Obituaries have been published highlighting his life dedicated to music, his associations with jazz greats, his very significant discography, and his love for his “hometown,” Trenton. But since his actual hometown is Ewing, I’d like to share a personal tribute this month.
For those who don’t know him, Richie Cole was a widely respected jazz alto sax man, as well as a composer, arranger, bandleader, and performer.
He recorded many dozens of albums, and performed around the world with other bands, and his own Alto Madness Orchestra, a mini-big band.
He played in famous venues with the Buddy Rich Band, Lionel Hampton’s band, the Manhattan Transfer, and Doc Severinson’s Tonight Show Band, to name just a few. But even he would tell you, his home was Trenton.
Richie’s father was Richard Hubbard, who managed two nightclubs in the area: the Harlem Club on Brunswick Avenue in Trenton, with a primarily black clientele and noted jazz performers from Philly and NYC; and Hubbie’s on Olden Ave in Ewing, which featured Vegas-type acts and primarily white patrons.
Richie was exposed to the music at these clubs, and liked to tell the story that he was “gifted” his first saxophone as a child when one was left behind in exchange for a payment due. For Richie, it was an immediate love affair, and one that altered his life.
Richie grew up in Ewing with his mother, Emily, and his step-father, Tom Cole. He attended Alfred Reed School and graduated from Ewing High in the mid-sixties.
He often expressed admiration and gratitude for the quality and caliber of music teachers he had growing up—dedicated instructors such as Jim Lauffer and Lloyd Snyder, who encouraged and mentored him.
He was always practicing and trying to perfect his playing. One recent tribute included the reminiscences of a close friend who recalled neighbors asking for song “requests” when they heard him practicing his saxophone, as well as requests to “stop” when the hour got late.
Richie’s first band, the Jazz Casuals, began in Ewing, and even played at a talent showcase at the Steel Pier in Atlantic City.
By the time he graduated from Ewing High in 1966, he was one of only two students “in the world” selected to receive a full scholarship award to Berklee School of Music in a contest by Downbeat Magazine. He attended Berklee, then replaced lead alto saxophonist Art Pepper in Buddy Rich’s Big Band. After that, he headed off on his own, to make his name.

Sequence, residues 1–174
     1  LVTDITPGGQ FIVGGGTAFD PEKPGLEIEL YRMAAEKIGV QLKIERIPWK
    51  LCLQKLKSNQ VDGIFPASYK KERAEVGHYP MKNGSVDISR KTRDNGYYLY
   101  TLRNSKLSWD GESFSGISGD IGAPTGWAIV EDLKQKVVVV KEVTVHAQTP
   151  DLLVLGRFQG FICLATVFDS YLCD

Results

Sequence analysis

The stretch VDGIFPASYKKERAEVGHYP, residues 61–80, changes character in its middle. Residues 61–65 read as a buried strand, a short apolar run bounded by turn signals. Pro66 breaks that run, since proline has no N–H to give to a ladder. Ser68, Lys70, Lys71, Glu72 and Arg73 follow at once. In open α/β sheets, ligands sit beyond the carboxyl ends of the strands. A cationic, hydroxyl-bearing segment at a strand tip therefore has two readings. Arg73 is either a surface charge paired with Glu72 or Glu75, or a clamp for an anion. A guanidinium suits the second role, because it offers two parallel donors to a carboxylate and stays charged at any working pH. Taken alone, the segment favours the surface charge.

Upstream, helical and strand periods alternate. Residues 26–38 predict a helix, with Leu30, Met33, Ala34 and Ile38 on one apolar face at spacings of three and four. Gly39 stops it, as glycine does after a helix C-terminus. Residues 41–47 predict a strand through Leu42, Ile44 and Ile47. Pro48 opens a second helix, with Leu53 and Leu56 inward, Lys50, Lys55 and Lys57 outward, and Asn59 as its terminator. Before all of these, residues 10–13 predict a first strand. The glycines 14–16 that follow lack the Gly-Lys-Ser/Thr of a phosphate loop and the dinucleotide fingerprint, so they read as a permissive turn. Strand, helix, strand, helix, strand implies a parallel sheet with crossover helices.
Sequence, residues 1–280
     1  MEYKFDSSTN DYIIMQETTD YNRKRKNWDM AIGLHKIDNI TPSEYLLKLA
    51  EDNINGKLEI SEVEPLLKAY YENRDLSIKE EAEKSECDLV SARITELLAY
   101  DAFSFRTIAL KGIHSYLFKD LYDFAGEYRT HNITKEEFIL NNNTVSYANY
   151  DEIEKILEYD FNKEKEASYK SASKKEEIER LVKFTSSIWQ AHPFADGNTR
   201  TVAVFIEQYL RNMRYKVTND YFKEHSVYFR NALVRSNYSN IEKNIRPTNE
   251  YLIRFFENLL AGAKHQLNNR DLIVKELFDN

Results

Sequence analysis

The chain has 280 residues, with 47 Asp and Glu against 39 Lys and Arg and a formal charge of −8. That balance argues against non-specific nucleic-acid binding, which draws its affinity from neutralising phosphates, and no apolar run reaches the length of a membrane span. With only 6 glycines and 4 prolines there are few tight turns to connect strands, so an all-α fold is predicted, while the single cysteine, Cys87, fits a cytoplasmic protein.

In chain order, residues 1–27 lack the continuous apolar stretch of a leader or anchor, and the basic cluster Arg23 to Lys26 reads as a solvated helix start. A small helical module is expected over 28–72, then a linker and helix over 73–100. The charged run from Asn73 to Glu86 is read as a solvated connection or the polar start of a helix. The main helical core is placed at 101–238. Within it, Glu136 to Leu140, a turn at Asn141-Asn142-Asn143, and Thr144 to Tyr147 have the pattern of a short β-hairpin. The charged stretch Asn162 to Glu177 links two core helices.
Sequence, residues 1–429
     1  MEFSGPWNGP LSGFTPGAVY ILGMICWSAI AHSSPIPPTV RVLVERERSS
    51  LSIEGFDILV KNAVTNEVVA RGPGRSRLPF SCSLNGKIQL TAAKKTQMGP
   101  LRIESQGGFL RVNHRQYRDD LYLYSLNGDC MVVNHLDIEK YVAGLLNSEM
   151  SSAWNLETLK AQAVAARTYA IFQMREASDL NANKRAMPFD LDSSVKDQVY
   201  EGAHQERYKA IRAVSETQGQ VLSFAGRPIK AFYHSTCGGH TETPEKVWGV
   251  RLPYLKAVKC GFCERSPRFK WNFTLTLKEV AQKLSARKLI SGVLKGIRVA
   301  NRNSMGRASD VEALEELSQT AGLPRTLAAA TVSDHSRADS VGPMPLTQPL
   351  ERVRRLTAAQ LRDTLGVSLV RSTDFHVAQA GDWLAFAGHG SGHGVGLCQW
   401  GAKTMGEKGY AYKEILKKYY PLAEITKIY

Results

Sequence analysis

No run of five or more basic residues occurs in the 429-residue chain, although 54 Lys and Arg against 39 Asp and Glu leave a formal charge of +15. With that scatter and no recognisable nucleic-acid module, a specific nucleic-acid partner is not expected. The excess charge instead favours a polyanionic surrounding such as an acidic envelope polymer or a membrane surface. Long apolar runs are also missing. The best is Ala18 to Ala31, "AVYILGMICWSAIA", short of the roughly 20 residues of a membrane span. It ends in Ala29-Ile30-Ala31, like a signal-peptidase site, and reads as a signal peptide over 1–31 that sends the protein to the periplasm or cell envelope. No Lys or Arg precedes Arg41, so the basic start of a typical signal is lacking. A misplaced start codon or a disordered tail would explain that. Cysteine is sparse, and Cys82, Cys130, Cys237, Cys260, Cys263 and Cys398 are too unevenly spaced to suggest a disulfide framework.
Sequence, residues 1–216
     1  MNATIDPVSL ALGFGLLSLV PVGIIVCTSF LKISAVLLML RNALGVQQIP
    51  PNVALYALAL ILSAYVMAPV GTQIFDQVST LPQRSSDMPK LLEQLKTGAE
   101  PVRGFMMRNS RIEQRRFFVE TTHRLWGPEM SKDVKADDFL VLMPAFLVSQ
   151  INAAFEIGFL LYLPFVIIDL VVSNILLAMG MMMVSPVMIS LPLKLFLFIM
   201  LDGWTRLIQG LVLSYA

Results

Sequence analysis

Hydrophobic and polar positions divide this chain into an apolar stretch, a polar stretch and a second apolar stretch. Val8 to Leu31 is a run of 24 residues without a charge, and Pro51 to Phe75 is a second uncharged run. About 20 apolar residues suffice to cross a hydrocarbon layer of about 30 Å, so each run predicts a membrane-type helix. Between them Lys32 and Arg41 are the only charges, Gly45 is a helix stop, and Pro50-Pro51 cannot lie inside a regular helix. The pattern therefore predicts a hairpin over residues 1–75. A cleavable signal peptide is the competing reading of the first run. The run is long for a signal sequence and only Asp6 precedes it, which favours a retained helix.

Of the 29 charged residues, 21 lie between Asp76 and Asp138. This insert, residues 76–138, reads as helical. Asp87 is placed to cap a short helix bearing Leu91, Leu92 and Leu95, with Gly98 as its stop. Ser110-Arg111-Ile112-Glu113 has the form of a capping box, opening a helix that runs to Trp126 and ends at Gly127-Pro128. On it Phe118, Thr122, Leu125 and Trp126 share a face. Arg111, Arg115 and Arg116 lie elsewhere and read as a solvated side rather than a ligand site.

And yet he always made time to return home to Ewing and the Trenton area. He participated in Ewing High jazz band classes, and invited students to play with his band in local festivals. He played at regular intervals at local clubs, like Lanzi’s, and the Candlelight Lounge.
And, he played a half-dozen times or so at the 1867 Sanctuary.
Many readers may know of my involvement in the repurposing of the old former church on Scotch Road. Once the Sanctuary was re-opened for performances, we reached out to Richie via a mutual friend, and Richie became intrigued with the goal of sustaining the historic building as an arts and performance center.
It turns out Richie’s family once belonged to the congregation, and he recalled many “long hours” as a kid seated in the pews. After Richie’s first concert there in 2016, he was hooked. He was thrilled to see old friends, hear the sound in the hall, play to such an appreciative audience, and support the effort.
We were honored that he scheduled several concerts there each year, and consistently drew great audiences to hear his “Trenton sound” in the heart of Ewing.
I loved his music, and to watch this man with a heart of gold, to see him generously greet and engage with friends, encourage musicians and lovingly interact with his family. Others may more authoritatively comment on his legendary musical abilities and legacy. But to us, Richie was an angel, with a horn.
Rest in peace, my man!
Helen Kull is an advisor to the Ewing Township Historic Preservation Society.